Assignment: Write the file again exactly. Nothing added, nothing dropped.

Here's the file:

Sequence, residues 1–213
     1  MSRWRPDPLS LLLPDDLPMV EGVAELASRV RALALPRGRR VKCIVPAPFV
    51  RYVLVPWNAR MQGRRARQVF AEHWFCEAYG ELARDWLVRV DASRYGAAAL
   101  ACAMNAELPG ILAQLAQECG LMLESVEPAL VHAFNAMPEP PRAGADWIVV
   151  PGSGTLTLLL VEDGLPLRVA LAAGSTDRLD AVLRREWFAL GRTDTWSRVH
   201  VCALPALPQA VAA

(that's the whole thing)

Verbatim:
Sequence, residues 1–213
     1  MSRWRPDPLS LLLPDDLPMV EGVAELASRV RALALPRGRR VKCIVPAPFV
    51  RYVLVPWNAR MQGRRARQVF AEHWFCEAYG ELARDWLVRV DASRYGAAAL
   101  ACAMNAELPG ILAQLAQECG LMLESVEPAL VHAFNAMPEP PRAGADWIVV
   151  PGSGTLTLLL VEDGLPLRVA LAAGSTDRLD AVLRREWFAL GRTDTWSRVH
   201  VCALPALPQA VAA